Incineration in Australia
The push for waste to energy incineration in Australia
Over the last decade Australia has increasingly looked to waste to energy technologies to address the increasing volumes of waste generated by consumers, the construction and demolition sector and the commercial and industrial sector.
Many states have passed zero waste to landfill policies as a way to address the adverse environmental impacts of landfilling waste and as a (not so obvious) policy driver for the introduction of the waste to energy industry – an industry that comes with significant potential local, national and international economic, social, climate, public health and environmental impacts.
As such there is an urgent need for a more independent and robust level of regulatory scrutiny. But more importantly there is an urgent need for greater awareness and support for sustainable zero waste solutions within Australia’s waste management policy.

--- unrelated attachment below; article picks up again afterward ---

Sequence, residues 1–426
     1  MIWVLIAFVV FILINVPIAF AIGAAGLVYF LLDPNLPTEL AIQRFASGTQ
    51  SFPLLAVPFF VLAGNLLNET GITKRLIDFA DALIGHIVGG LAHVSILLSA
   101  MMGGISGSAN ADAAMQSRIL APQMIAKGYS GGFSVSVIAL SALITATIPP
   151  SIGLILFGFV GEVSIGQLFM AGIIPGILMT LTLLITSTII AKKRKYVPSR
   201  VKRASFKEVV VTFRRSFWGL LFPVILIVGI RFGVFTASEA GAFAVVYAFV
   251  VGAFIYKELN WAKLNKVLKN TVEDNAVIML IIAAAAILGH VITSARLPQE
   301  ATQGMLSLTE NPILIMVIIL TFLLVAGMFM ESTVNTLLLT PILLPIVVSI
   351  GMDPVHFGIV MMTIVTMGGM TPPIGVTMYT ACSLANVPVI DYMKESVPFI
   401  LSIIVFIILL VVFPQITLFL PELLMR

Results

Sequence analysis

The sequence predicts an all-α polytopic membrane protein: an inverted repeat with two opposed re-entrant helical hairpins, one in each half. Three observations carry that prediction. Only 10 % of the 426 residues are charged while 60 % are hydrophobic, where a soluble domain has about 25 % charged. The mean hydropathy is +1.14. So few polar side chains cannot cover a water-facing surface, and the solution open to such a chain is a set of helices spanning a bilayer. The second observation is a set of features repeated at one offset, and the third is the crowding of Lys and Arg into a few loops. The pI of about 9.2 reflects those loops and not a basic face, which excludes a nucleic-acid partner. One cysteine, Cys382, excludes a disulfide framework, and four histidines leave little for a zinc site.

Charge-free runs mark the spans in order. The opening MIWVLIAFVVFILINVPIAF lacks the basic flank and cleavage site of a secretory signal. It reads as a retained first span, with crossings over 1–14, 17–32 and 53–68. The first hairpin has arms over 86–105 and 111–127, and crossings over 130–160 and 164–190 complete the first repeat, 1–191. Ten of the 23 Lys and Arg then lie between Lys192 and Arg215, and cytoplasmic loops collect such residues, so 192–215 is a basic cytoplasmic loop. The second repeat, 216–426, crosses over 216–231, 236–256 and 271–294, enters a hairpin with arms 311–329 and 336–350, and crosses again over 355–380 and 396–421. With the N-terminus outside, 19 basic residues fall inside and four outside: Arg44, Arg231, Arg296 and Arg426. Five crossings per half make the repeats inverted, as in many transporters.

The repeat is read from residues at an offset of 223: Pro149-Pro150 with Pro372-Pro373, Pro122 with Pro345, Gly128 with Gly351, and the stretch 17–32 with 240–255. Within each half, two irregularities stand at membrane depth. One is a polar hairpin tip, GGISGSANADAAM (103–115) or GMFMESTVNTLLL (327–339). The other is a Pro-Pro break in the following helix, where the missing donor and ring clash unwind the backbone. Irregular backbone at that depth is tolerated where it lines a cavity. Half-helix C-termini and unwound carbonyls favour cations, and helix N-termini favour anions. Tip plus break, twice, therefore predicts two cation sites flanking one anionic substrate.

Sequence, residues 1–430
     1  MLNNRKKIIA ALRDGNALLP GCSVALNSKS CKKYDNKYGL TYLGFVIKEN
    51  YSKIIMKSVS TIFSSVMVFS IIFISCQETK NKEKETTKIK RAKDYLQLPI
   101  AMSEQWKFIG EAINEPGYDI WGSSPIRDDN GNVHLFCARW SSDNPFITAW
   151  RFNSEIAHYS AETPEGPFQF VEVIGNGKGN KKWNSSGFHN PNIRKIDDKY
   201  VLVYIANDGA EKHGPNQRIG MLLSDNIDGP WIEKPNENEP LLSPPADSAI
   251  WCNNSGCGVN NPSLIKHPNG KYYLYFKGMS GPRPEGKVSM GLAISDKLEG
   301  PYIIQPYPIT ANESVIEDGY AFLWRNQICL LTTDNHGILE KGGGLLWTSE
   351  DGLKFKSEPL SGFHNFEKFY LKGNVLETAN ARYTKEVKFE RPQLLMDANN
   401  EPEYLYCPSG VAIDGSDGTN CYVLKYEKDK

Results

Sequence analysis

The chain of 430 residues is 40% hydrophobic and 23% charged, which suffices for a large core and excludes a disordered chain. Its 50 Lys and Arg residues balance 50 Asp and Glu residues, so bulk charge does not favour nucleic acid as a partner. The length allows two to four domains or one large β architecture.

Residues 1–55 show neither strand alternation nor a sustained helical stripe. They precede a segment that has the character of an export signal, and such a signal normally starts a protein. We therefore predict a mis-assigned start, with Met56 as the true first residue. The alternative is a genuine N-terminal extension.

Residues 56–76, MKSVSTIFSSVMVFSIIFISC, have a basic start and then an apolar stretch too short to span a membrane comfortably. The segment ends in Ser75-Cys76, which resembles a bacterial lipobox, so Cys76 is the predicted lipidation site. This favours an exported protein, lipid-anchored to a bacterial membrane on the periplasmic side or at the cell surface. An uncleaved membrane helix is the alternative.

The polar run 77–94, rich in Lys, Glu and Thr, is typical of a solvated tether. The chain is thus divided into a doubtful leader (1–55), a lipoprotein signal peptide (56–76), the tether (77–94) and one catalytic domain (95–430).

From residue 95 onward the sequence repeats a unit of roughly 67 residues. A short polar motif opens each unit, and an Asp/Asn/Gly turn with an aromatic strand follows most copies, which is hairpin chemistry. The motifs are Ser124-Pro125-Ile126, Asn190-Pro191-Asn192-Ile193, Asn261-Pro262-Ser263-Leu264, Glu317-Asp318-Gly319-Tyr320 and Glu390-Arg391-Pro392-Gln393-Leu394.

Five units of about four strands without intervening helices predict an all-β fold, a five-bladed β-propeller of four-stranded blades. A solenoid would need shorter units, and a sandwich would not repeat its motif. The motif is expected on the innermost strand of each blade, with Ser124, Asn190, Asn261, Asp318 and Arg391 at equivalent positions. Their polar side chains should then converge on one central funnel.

With every state in Australia now considering waste to energy incineration proposals, a more robust regulatory approach is more than justified given that Australian taxpayers are part funding some of these projects through the Clean Energy Finance Corporation and the Australian Renewable Energy Agency at the expense of cleaner and safer renewable energy projects such as wind, solar, and wave energy.
The National Toxics Network is calling for the Australian Government to uphold their commitment to the International Stockholm Convention to reduce and eliminate all sources of Persistent Organic Pollutants (POPs). Waste incineration is one of the prime sources of POPs generation. NTN wants an end to all MSW waste to energy incineration in Australia and an immediate implementation of safer, proven and more cost effective zero waste strategies.